Comment on Frank Miller’s most recent mad, racist graphic novel on wired.com.
The tragedy is that Miller is no hack. Throughout his 35-year career, he’s been one of comics’ few undisputed geniuses. Check the resume: from Daredevil to Ronin to Sin City, Miller excels at exploring the dark side of humanity without reducing his characters to simplistic killing machines. His Dark Knight Returns was one of the game-changing comics of the 1980s, the greatest Batman story ever told, a book that rivals Watchmen in its ability to prove that comics are literature. As an artist, Miller’s forte is in stark black-and-white color schemes, yet he creates worlds where the morality is a subtle gray.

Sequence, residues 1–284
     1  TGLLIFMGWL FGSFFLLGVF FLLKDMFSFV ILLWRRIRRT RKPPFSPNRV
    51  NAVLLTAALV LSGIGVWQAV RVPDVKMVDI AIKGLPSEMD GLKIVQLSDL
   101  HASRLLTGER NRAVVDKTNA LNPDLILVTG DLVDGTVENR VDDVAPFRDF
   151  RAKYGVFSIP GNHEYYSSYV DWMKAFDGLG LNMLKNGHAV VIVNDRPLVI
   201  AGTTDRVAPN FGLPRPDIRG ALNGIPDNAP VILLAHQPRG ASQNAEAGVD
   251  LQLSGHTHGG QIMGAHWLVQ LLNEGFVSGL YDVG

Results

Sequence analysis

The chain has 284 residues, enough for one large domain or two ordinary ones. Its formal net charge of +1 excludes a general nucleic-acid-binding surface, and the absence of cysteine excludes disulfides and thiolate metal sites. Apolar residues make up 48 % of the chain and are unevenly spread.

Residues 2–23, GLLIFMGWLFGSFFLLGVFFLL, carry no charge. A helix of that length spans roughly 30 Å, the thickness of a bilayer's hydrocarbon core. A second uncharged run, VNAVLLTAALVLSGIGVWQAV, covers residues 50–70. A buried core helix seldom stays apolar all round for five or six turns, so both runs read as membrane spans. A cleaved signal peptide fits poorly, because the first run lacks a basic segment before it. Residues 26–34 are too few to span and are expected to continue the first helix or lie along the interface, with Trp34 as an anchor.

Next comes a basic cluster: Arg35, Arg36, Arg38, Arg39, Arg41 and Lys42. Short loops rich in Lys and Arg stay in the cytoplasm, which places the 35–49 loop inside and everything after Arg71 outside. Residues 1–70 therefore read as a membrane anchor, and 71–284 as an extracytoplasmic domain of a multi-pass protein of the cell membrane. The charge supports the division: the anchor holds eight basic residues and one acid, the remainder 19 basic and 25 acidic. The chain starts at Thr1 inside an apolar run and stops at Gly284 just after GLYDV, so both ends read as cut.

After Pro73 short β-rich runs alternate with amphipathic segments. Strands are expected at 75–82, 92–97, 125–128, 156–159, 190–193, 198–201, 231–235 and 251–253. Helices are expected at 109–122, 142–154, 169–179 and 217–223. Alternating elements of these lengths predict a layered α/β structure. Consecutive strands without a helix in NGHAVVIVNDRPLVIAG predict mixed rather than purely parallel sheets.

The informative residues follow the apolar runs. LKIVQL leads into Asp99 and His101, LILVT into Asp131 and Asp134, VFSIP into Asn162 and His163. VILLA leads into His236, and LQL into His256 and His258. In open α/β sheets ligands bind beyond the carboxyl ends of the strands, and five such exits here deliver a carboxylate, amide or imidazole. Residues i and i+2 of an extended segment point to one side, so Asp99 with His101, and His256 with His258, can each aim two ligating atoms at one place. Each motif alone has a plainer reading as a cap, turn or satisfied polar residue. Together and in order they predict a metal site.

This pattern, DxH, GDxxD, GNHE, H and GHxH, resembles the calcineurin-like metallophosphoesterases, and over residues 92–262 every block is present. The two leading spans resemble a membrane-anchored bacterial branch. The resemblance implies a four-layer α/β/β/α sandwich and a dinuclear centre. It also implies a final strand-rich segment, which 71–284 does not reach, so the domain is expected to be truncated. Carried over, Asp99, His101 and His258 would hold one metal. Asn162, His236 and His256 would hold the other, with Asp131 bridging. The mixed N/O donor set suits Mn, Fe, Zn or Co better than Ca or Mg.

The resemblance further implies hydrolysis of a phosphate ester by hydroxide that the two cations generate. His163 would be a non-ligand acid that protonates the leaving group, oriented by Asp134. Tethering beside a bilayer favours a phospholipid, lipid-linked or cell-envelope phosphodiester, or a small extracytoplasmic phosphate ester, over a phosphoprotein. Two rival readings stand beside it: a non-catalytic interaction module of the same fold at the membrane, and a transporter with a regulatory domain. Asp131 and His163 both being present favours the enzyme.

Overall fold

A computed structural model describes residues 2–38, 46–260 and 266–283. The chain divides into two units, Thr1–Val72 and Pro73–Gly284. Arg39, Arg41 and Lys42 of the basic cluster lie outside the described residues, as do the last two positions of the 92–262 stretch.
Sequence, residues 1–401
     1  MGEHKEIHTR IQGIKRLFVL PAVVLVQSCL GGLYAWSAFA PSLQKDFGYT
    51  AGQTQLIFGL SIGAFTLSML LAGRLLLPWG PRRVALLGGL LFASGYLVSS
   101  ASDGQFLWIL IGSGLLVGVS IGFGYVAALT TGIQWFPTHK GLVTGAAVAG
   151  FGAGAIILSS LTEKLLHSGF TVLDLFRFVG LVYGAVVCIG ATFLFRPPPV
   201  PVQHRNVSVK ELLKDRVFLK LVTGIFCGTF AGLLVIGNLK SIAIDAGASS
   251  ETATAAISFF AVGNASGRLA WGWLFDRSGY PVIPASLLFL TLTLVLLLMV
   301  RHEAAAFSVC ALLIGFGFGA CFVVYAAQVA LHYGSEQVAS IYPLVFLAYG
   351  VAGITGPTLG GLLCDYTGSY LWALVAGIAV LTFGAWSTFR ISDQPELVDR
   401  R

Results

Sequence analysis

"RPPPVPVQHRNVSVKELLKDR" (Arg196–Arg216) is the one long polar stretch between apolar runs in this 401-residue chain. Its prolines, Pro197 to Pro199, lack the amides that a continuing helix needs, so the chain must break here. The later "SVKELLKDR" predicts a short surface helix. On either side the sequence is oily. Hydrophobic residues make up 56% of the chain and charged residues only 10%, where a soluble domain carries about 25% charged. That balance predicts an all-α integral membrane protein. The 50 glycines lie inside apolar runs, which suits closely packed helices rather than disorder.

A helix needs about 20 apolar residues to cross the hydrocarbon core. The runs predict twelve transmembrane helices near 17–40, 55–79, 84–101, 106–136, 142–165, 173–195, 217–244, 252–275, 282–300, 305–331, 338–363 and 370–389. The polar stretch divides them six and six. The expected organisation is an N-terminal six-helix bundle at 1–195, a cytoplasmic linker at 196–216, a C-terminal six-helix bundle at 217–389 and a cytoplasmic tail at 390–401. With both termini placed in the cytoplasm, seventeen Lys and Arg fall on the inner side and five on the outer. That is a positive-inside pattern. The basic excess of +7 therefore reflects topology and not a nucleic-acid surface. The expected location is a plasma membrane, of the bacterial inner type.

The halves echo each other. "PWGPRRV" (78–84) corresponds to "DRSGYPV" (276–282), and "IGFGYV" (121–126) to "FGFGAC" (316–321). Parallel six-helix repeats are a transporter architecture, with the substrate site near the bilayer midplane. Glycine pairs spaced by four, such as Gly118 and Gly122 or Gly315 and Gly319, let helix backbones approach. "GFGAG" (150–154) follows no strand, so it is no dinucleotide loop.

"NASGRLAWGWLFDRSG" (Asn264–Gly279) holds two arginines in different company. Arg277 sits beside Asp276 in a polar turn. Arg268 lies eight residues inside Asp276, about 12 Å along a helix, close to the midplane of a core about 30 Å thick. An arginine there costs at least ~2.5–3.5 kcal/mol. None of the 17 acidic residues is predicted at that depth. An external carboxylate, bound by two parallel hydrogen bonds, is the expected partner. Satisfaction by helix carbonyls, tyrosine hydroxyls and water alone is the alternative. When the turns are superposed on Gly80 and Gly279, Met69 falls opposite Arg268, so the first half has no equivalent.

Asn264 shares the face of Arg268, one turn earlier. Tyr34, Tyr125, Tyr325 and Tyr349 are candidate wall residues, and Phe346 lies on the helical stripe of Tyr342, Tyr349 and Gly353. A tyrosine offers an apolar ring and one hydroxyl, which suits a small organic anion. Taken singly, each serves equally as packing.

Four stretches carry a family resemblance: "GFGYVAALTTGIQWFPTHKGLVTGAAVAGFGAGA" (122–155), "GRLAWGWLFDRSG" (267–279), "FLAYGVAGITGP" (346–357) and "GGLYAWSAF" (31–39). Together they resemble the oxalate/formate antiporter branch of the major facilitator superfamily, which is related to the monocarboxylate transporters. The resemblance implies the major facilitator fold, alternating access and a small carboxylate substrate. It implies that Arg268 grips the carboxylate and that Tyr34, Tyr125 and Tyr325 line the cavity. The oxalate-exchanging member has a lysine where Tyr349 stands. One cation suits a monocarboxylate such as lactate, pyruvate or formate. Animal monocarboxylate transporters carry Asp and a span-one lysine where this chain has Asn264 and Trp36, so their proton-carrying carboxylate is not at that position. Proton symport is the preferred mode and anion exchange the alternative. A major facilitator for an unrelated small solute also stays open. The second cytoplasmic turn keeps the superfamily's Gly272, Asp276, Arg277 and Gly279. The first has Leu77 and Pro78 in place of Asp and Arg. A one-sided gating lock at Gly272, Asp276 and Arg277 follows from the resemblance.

He is also at the height of his cultural influence. The film adaptations of Sin City and 300 were so successful that Hollywood actually let him direct The Spirit. Christopher Nolan’s rebooted Batman trilogy would be unthinkable if Miller had never created The Dark Knight Returns. Word is that the upcoming Daredevil movie reboot will be based on Miller’s “Born Again” storyline.
That means it’s a mistake to write off Holy Terror as unimportant or a stumble in an otherwise great career. It’s a cultural flag, planted to serve as a “reminder that we’re in the midst of a long war,” Miller told Comic-Con International this year, against an enemy that’s “pernicious, deceptive and merciless and wants nothing less than total destruction.”